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Cara Black Screen Shot 2013-02-26 at 2 crop horz(French) Cara Black is the national bestselling author of 13 books in the Private Investigator Aimée Léduc series, which is set in Paris. Cara has received numerous accolades for her novels, including multiple nominations for the prestigious Anthony and Macavity Awards, a Washington Post Book World Book of the Year citation, the Médaille de la Ville de Paris—the Paris City Medal, which is awarded in recognition of contributions to international culture—and invitation to be the Guest of Honor at such noteworthy conferences as the Paris Polar Crime Festival and Left Coast Crime. With more than 400,000 books in print, the Aimée Léduc series has been translated into German, Norwegian, Japanese, French, Spanish, and Hebrew.

Cara is included in the Great Women Mystery Writers 2nd Edition, by Elizabeth Lindsay. Her first novel, Murder in the Marais, was nominated for an Anthony Award for best first novel. The third novel in the series, Murder in the Sentier, was nominated for an Anthony Award as Best Novel. Cara has also recently written Murder Below Montparnasse, which will be published in March 2013 by Soho Press.

Born in Chicago, Illinois, Cara has lived in the California Bay Area since she was five years old. Before turning to writing fulltime, she tried her hand at a number of jobs: a barista in the Basel train station café in Switzerland, teaching English in Japan, studying Buddhism in Dharamshala in Northern India, and working as a bar girl in Bangkok (only pouring drinks!). She studied Chinese history at Sophia University in Tokyo, where she met her husband, Jun: a bookseller, potter, and amateur chef. Then, she obtained her teaching credential at San Francisco State College and went on to work as a preschool director and then as an agent of the federally funded Head Start program, which sent her into San Francisco’s Chinatown to help families—often sweatshop workers—secure early care and early education for their children. Each of these jobs was amazing and educational in a different way and has helped Cara add fingerprints of her various experiences into the Aimée Léduc books. (Cara Black: Facebook / TwitterWebsite / “A Killer Trip to Paris” Sweepstakes www.parisisformurder.com)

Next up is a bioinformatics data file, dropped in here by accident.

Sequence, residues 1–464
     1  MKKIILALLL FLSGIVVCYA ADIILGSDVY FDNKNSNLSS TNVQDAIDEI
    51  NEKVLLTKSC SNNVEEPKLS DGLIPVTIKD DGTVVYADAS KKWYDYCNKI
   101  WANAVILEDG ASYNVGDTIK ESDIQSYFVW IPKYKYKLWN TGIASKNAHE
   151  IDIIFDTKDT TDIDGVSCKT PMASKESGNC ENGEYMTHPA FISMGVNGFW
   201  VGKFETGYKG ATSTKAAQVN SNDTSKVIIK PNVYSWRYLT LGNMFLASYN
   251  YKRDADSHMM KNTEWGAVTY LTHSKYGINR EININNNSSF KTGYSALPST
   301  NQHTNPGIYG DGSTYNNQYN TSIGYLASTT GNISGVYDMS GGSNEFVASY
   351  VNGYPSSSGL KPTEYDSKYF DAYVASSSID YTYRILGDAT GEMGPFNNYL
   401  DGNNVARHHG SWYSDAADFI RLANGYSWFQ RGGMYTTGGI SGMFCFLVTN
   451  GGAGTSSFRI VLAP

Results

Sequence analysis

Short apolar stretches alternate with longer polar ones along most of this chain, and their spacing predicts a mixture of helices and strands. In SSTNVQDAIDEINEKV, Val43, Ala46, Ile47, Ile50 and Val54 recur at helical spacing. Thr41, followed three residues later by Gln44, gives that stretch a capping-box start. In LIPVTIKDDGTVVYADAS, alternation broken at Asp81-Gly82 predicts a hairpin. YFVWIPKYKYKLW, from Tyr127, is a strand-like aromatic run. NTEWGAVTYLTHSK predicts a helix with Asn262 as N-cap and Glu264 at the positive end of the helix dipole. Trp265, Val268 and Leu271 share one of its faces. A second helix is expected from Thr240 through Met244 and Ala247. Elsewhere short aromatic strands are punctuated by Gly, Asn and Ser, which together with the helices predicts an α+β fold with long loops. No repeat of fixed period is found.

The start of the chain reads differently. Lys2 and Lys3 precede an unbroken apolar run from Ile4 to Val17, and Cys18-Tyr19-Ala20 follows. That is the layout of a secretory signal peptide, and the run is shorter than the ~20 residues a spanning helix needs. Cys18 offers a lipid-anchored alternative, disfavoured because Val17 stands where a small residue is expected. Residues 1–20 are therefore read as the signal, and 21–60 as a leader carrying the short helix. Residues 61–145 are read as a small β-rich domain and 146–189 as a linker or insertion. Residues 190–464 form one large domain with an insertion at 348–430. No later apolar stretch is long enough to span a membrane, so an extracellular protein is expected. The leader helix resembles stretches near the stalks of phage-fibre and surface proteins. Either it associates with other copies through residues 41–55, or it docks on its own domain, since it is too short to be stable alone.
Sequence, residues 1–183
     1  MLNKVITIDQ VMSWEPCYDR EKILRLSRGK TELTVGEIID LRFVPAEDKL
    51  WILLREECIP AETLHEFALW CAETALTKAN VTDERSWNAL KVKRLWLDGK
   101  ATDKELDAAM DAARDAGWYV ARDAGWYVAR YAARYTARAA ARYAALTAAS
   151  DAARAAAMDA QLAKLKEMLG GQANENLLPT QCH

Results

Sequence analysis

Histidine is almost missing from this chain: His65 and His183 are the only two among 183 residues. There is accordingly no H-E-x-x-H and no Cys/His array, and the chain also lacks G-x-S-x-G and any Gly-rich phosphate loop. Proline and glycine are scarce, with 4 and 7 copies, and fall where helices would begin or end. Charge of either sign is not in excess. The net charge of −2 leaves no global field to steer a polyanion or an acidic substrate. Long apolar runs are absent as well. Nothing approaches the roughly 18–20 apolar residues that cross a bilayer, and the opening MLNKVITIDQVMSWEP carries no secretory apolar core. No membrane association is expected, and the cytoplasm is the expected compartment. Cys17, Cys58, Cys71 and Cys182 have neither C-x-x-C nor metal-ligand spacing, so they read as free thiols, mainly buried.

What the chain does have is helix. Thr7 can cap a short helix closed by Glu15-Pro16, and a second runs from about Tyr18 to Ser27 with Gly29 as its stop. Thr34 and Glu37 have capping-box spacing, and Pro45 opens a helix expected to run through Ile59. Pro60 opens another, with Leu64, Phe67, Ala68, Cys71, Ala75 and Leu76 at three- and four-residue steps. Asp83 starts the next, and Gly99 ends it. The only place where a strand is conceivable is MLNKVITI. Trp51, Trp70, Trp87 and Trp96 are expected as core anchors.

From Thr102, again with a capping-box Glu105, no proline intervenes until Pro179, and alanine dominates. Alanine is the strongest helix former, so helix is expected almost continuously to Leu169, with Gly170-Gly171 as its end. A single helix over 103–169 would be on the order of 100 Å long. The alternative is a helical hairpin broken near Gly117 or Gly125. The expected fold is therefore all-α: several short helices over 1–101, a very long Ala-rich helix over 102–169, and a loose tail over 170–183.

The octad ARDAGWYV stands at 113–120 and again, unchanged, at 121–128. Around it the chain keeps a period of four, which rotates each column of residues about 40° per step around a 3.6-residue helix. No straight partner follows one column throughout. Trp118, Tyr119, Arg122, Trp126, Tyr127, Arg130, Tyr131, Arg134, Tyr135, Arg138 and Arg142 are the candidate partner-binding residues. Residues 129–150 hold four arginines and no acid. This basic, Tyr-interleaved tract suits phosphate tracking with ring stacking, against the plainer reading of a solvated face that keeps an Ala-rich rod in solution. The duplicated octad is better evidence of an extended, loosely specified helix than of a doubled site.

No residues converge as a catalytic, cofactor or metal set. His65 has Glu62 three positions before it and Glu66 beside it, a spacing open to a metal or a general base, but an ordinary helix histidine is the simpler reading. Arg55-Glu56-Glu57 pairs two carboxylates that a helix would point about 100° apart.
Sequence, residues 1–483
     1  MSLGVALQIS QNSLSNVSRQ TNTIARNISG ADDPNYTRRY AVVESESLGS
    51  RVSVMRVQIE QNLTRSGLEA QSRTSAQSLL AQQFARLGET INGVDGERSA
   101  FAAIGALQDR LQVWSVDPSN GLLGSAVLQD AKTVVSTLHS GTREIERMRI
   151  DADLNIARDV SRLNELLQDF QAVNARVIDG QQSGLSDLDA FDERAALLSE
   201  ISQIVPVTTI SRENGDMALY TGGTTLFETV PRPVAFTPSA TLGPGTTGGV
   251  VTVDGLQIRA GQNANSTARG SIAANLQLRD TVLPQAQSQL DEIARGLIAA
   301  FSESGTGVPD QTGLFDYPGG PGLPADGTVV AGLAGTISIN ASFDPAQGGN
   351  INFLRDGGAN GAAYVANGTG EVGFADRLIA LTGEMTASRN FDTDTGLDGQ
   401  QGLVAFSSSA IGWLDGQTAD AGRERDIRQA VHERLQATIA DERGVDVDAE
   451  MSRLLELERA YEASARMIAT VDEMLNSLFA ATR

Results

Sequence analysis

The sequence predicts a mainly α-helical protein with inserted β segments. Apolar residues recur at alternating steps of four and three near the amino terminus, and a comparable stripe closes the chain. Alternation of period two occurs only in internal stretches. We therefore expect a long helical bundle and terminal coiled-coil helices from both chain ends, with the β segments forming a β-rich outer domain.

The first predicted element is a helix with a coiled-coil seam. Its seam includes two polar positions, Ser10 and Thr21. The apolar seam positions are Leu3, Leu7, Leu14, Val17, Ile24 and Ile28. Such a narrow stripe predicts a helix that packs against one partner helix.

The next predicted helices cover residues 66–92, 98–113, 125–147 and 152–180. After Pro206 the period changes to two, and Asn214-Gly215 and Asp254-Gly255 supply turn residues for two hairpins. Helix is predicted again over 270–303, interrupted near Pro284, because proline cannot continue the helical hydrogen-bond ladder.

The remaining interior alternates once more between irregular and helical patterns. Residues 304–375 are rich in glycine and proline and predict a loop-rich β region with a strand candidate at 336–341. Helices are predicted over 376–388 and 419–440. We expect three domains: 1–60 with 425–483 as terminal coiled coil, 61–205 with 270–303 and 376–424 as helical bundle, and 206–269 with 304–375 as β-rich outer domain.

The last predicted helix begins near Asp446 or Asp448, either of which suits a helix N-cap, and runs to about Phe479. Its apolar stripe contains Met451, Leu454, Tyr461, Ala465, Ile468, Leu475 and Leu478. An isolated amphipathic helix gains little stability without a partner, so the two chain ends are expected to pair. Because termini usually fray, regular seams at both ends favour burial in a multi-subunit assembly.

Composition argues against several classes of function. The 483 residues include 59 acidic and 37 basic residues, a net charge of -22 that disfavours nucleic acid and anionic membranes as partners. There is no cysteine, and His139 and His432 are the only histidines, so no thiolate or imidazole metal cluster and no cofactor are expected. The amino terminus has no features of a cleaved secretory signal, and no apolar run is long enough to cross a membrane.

Murder Below Montparnasse

“A tantalizing clue to the whereabouts of Paris PI Aimée Léduc’s mysterious mother puts a personal spin on Black’s intricate 13th mystery set in contemporary Paris (after 2012’s Murder at the Lantern Rouge). Yuri Volodya, an elderly Russian who wants to hire Aimée to protect a valuable painting, possibly a Modigliani, tells Aimée he knew her mother, Sydney, whom she hasn’t seen since Sydney abandoned her at age eight. When the painting is stolen and Yuri is later tortured and killed, the police investigate. Meanwhile, a bizarre accident sidelines Aimée’s part-time hacker helper, “cash-poor aristocrat” Saj de Rosnay. Léduc must also cope amid threats of violence without trusted computer expert René Friant, lured to America by a Silicon Valley firm in a lengthy, well-developed subplot. Allusions to Modigliani, Picasso, Cocteau, Man Ray, and Duchamp help evoke 1920s Paris, though the complicated relationships among the principals will be more meaningful to series fans than to newcomers.” – Publishers Weekly


Murder Below Montparnasse

AWP: You are the author of Murder Below Montparnasse, the latest in your Aimée Léduc series. What inspired you to write this book?